BUCHAREST (Reuters) - Romania's anti-corruption prosecutor's office, or DNA, is seeking to launch a criminal inquiry against nine ex-government ministers suspected of money laundering, abuse of office and bribery related to Microsoft <MSFT.O> educational licenses from 2004 to 2009.
Some officials backed the closing of a 2004 leasing contract for licenses and its extension to educational Microsoft products for schools in terms that were onerous for the state, the DNA said in a statement.
"They (the ministers) determined the closing of the frame contract in onerous terms for the state budget, making possible the embezzling of a 47 percent Microsoft discount ...and the payment of commissions to involved persons," it said.
The prosecutor's statement made no suggestion that Microsoft, as a company, was involved in the contract.
“Microsoft is cooperating fully with DNA’s investigation," said a company spokeswoman from its headquarters in Redmond, Washington.
The European Union has raised concerns about a failure to tackle rampant high-level graft in Romania and Bulgaria, its two poorest members, which have been kept outside the passport-free Schengen Zone since their 2007 entry.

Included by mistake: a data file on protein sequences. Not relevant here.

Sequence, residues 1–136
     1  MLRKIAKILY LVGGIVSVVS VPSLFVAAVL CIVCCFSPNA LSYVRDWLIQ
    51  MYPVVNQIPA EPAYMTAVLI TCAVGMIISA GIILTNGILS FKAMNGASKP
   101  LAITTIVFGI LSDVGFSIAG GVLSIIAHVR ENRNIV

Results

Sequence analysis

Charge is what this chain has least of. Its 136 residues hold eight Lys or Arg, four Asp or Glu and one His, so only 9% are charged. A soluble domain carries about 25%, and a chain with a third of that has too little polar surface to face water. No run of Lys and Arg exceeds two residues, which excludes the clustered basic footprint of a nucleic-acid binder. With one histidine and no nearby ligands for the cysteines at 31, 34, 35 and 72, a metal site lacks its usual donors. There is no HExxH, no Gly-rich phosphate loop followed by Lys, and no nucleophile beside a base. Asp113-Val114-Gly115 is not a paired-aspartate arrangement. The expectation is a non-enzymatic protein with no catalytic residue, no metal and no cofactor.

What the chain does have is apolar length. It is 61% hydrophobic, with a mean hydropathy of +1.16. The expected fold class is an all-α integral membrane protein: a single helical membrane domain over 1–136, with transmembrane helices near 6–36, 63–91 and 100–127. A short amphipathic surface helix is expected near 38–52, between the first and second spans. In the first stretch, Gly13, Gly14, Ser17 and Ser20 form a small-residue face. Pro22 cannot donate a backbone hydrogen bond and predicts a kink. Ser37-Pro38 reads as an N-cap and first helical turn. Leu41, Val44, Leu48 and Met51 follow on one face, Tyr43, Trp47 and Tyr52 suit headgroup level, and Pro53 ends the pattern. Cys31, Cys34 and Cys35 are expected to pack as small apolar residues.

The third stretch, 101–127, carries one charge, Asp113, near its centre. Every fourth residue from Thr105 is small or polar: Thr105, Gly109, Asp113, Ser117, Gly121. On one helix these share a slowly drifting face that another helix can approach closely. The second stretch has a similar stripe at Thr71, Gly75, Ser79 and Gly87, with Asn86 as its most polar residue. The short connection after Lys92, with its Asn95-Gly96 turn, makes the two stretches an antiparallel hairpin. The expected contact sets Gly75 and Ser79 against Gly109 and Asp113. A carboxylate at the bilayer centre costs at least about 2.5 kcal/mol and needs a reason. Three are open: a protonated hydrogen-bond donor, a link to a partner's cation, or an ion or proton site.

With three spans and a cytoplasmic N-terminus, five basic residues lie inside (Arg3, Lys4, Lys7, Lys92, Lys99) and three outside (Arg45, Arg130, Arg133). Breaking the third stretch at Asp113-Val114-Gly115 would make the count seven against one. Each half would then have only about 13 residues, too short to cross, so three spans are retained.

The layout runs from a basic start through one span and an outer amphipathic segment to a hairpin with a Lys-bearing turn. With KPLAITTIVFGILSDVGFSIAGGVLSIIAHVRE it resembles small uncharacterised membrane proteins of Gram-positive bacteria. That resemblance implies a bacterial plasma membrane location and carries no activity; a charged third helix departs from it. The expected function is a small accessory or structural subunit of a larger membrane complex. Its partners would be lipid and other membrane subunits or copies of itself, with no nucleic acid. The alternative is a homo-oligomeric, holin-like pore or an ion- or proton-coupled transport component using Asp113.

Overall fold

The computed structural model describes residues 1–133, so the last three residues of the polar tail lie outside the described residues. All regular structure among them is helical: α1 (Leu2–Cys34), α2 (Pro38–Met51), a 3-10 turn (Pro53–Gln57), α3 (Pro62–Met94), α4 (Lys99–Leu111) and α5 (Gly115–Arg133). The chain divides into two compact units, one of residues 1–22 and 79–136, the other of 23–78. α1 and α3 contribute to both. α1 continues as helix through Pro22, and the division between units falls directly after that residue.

Romania ranks only behind Greece and Bulgaria in terms of corruption in the 28-nation EU, according to Transparency International, and the European Commission has its justice system under special monitoring.
The DNA said there were clues that officials had asked and received sums of money to influence other persons to favour a local arm of Fujitsu Siemens. Another local firm, Siveco is also suspected of being favoured.
It said it had asked parliament and the country's president to endorse the start of inquiries into three former education ministers, four former IT society and communication ministers, one ex-finance minister and a former government secretary.
Under Romanian law, deputies and senators cannot be prosecuted unless their immunity is lifted by a vote in parliament. In the case of ex-government officials who are not current MPs, a green light is required by the country's president.
(Reporting by Radu Marinas; Additional reporting by Eric Auchard; Editing by Jason Neely and Peter Cooney)